Join Dr Wei Cui for this event, which is part of the Macroeconomics Research Seminar Series, Autumn Term 2021
16:00 - 17:30
Lectures, talks and seminars
Applied Economics Research Seminar Series
Economics, Department of
Join Dr Wei Cui as they present their research on A Ramsey Theory of Financial Distortions
Dr Wei Cui from the Department of Economics, at University of College London will present their research on A Ramsey Theory of Financial Distortions.
The interest rate on government debt is significantly lower than the rates of return on similar assets. To shed light on this disparity, we study optimal taxation and debt management with financial frictions. The government cannot directly redistribute towards the agents in need of liquidity but otherwise has access to a complete set of linear tax instruments. Provided that doing so is feasible, optimal policy calls for the government to increase its debt up to the point at which it provides sufficient liquidity to avoid financial constraints, no matter how high the resulting labor-income taxes in the limit will be. In this case, capital-income taxes are zero in the long run, so returns on government debt and capital are equalized. However, if the fiscal space is insufficient, it can be optimal to increase the wedge between the rates of return on government debt and on capital by taxing capital. This is because there is a trade-off between the desire to mitigate financial frictions, which would call for subsidies, and the incentive to tax the quasi-rents accruing to producers of capital. For the same reason, it can be optimal to distort downward the interest rate on government debt in periods of high government spending.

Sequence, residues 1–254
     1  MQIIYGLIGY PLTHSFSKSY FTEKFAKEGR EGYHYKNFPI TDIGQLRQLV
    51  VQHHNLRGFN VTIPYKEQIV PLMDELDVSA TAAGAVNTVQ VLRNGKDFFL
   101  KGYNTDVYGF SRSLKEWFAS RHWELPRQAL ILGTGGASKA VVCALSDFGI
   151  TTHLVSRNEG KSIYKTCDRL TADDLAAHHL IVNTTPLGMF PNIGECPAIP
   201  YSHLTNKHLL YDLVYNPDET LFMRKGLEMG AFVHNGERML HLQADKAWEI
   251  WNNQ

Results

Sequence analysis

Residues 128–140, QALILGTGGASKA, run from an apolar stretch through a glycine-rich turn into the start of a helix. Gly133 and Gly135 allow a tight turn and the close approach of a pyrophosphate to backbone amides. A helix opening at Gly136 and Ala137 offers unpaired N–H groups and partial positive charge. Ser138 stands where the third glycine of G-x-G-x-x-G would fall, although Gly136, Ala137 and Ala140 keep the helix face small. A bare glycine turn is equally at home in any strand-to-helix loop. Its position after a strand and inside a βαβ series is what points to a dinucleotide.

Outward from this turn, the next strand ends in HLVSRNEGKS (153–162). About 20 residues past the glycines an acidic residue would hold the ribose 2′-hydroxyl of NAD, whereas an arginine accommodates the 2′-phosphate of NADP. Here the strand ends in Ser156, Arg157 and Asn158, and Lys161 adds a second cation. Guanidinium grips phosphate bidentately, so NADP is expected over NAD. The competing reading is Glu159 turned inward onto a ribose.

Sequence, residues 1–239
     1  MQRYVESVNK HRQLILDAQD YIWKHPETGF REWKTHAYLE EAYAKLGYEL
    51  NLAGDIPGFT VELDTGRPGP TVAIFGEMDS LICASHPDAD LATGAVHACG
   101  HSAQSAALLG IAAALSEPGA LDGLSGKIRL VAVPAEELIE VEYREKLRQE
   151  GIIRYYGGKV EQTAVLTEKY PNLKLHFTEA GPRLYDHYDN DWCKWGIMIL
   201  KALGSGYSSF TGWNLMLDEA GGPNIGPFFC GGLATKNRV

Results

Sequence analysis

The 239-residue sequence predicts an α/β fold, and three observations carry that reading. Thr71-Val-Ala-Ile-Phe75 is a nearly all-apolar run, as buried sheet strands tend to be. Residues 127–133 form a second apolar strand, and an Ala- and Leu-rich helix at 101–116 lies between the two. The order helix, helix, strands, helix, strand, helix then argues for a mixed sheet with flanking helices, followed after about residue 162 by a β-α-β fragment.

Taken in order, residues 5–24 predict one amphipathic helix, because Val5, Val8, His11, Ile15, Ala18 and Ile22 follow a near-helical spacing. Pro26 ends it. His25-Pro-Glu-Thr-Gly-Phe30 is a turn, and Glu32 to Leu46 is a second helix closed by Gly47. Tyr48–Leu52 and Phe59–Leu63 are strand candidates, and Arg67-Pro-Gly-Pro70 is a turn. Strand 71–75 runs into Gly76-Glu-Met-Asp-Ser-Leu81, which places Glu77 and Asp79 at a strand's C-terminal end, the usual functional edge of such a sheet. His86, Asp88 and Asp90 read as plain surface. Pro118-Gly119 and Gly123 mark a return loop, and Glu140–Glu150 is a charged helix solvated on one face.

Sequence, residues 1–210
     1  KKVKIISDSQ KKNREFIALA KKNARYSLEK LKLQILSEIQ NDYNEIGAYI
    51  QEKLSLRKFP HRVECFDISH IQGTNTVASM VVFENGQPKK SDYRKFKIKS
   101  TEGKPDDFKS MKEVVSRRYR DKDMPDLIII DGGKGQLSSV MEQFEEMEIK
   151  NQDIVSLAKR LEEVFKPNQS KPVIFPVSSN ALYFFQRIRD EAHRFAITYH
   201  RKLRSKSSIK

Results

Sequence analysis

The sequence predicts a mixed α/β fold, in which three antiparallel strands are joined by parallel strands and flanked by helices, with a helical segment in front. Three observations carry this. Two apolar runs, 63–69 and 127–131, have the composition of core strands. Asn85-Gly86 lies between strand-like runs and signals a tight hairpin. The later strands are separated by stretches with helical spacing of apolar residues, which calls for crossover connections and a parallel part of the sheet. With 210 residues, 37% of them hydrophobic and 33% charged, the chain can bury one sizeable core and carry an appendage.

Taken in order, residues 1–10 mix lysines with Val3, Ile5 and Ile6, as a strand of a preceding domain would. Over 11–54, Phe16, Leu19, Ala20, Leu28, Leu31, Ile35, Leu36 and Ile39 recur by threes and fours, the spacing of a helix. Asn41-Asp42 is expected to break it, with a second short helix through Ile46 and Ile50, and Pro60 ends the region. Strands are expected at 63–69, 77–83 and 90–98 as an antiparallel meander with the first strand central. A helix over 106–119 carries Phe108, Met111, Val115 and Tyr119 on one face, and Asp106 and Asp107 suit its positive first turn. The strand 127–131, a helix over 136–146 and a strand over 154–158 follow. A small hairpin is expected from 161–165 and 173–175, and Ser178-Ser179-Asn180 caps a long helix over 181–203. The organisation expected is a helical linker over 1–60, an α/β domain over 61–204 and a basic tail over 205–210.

This seminar will be held on campus in LTB 01. This event is open to all levels of study and is also open to the public, but will also be held on Zoom.
To register your place, please contact the seminar organisers.
This event is part of the Macroeconomics Research Seminar Series.
DrDepartment of Economics, University College London
Wei Cui is an assistant professor of economics at the University College London. His research aims to better understand how asset liquidity interacts with heterogeneous economic participants as well as related optimal government policies. He obtained his PhD in economics from Princeton University. Biography in the context of the person module